Stress and Independant Living

Stress is one of a number of many challenges we could all do without as the years pass. For the older generation, the pressures of life will manifest differently from someone who is much younger. For instance, there is a link between the changes in sleep patterns encountered later in life and an increased presence of the stress hormones existing in the front of the brain from lack of quality sleep. As an ageing body is less tolerant to stress, the recovery times from illness and injury is much longer than usual. Similarly, stress adversely affects normal cognitive functioning with subsequent difficulties in short term memory which could gradually occur over time.

One of the major causes of stress exists through constant worry about the gradual loss of independence over time. Anxiety can exacerbate the body’s stress response to life’s challenges due to mental and physical health issues brought on by sudden change like moving home or bereavement.

-Although driving a car is certainly possible over the age of 70, mobility issues could mount up slowly. With age, it is not easy to tell when to stop especially if the skills necessary to drive safely are less easy to manage. Being chauffeured around and travelling on public transport may represent a viable alternative but there is a perception that relying on them means loosing control by increasing dependency on others to get about.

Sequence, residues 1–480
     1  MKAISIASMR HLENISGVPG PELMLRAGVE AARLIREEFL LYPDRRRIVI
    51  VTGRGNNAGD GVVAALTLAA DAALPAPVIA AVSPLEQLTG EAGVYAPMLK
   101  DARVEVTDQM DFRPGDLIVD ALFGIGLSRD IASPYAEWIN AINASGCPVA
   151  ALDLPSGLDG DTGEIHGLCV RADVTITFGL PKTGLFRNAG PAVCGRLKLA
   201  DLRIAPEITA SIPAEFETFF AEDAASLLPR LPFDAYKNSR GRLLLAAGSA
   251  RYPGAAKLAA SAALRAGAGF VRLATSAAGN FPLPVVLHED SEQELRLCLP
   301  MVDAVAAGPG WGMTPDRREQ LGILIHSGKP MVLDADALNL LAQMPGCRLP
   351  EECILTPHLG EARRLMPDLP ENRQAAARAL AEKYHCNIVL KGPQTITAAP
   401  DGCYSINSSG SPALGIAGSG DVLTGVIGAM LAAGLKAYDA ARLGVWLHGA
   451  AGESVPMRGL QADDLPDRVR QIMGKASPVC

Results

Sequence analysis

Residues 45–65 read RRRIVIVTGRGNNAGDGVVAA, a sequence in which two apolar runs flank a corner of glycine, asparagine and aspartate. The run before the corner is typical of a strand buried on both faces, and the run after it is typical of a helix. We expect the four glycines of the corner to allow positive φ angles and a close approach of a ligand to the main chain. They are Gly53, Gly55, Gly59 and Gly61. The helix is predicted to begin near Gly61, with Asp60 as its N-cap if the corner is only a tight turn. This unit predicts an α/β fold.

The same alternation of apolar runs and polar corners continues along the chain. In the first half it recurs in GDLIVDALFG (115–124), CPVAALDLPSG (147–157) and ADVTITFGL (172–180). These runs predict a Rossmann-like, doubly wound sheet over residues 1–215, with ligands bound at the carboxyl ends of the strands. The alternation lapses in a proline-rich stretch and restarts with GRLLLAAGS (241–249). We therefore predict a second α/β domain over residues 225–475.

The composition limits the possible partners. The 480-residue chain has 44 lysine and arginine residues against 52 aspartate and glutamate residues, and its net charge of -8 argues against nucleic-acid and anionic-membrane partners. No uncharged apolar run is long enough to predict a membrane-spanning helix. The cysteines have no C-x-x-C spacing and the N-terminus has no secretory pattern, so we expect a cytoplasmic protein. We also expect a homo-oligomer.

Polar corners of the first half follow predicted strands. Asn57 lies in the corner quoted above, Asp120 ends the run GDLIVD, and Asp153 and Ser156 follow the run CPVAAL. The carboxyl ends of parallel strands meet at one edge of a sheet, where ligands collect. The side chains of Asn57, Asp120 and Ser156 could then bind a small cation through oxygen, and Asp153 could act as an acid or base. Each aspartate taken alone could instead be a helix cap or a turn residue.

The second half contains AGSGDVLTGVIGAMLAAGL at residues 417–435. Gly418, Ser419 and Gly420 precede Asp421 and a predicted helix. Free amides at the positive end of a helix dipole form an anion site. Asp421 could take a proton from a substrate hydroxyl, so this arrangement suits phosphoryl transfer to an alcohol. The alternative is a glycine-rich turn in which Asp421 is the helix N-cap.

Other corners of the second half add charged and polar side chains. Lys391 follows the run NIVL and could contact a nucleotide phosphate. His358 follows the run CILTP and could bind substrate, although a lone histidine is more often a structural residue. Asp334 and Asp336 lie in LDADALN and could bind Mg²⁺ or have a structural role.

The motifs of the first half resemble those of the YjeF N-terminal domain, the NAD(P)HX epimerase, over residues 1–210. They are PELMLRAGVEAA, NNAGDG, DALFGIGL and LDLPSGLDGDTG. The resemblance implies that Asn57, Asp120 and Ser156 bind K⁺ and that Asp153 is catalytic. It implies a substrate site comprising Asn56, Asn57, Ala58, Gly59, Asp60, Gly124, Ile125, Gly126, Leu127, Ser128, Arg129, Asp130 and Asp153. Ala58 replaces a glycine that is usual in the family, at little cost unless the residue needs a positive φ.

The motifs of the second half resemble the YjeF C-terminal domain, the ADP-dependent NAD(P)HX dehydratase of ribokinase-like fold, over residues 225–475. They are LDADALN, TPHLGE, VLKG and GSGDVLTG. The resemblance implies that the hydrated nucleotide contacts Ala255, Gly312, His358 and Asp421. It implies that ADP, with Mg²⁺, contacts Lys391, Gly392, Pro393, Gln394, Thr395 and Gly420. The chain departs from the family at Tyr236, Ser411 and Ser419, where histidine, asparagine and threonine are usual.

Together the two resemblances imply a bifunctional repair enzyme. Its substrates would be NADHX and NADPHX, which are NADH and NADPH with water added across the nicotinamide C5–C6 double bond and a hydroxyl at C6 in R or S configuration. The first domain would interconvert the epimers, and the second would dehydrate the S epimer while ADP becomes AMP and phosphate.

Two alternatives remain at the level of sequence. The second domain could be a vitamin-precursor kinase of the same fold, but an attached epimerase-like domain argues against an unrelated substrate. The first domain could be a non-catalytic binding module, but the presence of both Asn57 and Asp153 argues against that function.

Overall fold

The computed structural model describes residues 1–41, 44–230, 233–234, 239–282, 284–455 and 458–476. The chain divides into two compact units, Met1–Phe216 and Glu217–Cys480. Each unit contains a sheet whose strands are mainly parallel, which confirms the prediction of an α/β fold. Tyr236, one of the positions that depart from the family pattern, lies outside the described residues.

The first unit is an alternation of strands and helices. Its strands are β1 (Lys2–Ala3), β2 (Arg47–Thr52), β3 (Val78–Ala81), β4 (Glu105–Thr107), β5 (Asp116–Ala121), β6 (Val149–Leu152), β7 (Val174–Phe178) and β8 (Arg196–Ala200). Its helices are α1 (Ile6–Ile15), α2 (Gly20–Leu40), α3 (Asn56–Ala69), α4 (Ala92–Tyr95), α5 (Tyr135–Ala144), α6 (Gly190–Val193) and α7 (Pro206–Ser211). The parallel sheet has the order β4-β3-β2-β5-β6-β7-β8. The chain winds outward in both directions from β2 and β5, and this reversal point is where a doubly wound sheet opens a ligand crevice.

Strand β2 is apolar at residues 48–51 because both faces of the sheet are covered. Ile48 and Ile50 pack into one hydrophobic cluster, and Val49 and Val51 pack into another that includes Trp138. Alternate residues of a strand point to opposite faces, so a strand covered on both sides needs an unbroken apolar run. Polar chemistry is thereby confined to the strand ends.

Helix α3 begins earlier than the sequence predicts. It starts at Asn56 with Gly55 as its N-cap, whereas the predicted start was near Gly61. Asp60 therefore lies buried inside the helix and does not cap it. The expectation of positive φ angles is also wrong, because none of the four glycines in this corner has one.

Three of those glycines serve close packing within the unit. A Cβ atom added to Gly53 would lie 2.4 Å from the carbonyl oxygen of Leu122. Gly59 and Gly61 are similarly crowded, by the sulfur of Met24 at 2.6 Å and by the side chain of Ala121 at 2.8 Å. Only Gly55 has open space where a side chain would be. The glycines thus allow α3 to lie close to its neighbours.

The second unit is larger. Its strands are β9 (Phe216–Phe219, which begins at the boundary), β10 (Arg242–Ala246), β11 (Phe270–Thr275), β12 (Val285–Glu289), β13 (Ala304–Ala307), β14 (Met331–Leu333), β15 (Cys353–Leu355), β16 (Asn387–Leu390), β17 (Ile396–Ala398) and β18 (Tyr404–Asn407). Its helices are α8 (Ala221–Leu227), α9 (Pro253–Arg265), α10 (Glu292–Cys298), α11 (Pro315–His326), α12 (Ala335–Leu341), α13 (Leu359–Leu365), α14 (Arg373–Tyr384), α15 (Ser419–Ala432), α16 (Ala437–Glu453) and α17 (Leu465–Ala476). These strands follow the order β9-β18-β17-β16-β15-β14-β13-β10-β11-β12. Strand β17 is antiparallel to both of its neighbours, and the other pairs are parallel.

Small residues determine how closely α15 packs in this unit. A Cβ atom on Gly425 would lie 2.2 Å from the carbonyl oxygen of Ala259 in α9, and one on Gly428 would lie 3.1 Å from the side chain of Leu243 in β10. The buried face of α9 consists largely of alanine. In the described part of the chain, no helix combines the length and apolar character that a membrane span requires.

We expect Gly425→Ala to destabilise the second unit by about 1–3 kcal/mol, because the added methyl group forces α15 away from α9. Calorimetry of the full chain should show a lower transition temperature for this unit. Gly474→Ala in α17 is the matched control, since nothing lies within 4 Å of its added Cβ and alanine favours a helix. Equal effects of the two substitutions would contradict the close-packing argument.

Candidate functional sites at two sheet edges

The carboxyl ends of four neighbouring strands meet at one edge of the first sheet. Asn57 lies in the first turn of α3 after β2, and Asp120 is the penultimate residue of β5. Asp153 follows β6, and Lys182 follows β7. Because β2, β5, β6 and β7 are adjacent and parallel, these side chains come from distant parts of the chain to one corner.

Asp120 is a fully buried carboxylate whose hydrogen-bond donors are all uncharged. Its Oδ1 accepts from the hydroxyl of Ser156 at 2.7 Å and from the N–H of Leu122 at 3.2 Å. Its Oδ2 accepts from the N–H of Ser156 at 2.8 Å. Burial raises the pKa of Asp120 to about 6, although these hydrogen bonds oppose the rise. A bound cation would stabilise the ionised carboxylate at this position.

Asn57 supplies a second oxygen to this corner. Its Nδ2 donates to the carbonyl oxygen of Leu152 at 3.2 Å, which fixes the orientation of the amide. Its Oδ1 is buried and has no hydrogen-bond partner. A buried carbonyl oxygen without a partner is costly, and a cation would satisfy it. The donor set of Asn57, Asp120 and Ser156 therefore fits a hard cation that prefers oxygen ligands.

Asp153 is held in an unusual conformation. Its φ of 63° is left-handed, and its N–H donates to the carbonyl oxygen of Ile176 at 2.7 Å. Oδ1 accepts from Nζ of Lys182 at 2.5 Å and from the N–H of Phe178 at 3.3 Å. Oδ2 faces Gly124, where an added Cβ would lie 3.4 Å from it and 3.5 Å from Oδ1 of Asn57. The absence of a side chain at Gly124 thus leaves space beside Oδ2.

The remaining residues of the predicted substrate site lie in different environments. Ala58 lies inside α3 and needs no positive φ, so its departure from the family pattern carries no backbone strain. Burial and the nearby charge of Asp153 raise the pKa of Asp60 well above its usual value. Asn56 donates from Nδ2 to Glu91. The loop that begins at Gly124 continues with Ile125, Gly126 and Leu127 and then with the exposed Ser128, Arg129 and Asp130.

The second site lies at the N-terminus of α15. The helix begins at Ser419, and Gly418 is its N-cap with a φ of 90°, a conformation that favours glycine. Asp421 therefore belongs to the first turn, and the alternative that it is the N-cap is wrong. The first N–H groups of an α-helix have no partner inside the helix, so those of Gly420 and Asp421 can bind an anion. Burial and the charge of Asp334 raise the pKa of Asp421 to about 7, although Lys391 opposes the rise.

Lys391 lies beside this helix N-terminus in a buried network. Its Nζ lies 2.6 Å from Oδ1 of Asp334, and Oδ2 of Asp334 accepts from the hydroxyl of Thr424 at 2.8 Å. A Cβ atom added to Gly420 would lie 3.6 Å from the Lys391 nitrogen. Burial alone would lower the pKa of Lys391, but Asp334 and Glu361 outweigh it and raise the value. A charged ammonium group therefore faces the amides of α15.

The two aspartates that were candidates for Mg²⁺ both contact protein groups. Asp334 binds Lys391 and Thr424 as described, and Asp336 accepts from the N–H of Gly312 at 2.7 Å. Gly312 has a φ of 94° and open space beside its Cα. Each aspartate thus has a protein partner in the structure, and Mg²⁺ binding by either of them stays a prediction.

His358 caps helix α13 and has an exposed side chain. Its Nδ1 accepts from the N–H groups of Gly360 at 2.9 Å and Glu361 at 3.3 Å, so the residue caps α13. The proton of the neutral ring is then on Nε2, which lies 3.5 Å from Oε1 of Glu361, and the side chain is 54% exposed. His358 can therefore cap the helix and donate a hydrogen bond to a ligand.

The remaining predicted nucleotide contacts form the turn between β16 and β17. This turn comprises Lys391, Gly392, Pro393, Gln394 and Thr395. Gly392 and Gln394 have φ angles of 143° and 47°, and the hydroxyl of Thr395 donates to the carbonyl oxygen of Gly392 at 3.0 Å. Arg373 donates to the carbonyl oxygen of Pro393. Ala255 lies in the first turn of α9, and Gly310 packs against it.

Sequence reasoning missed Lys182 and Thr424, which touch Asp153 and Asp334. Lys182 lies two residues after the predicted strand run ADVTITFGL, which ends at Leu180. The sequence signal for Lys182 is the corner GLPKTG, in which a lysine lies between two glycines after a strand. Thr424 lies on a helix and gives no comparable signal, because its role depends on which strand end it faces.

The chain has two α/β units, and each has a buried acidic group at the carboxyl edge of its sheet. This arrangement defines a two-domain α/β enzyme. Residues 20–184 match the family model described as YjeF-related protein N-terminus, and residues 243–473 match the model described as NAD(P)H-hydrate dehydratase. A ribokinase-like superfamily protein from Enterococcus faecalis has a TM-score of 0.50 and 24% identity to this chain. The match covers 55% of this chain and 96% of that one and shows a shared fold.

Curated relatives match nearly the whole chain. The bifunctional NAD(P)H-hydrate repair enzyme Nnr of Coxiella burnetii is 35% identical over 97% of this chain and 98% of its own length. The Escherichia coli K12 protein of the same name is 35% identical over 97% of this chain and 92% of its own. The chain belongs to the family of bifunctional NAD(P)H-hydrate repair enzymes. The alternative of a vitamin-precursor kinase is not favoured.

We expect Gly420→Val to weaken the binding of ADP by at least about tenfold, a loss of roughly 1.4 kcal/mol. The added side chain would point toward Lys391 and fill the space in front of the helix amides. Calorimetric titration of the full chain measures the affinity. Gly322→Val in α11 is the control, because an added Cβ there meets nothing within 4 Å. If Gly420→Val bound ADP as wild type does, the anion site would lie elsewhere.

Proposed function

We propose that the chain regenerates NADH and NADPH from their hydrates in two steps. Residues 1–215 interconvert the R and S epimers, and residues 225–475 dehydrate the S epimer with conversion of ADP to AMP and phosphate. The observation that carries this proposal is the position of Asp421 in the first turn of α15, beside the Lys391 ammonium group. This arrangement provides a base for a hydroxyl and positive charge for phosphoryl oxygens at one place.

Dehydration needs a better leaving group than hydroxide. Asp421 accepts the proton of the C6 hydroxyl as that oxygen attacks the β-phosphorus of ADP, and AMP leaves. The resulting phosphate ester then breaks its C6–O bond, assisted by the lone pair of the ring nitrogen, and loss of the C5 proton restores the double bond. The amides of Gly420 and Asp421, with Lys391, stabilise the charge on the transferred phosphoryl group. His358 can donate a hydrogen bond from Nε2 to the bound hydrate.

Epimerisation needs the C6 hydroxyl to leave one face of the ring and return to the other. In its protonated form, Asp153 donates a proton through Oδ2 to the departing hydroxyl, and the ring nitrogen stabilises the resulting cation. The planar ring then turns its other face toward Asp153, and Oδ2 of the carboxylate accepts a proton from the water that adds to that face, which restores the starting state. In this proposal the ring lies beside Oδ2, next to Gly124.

-Retired folk often divulge they are worried about being forced from their home into an institutionalised setting long before they are ready to leave. Care home facilities can be quite costly these days, so making ends meet financially and the ability to spend money independently will be another major cause of anxiety in later years.

-An independent way of living requires cleaning oneself, to prepare meals, also the freedom to travel short distances without requiring close supervision. It is reported that frustration and lack of confidence in old age will threaten mental health depending on the individual who may feel they cannot cope from day to day. Finally, some of us will need to be extra vigilant to avoid falling while moving about the house. Being fully alert to dangerous obstacles, the fear of having an accident does result in tiredness and perhaps after a particularly bad fall, a reluctance to do as much as before.

There is lots of more information on possible approaches to common causes of stress in old age surrounding positive thinking, full prevention, befriending and care options inside our online brochure Ageing Well. Please take a look:

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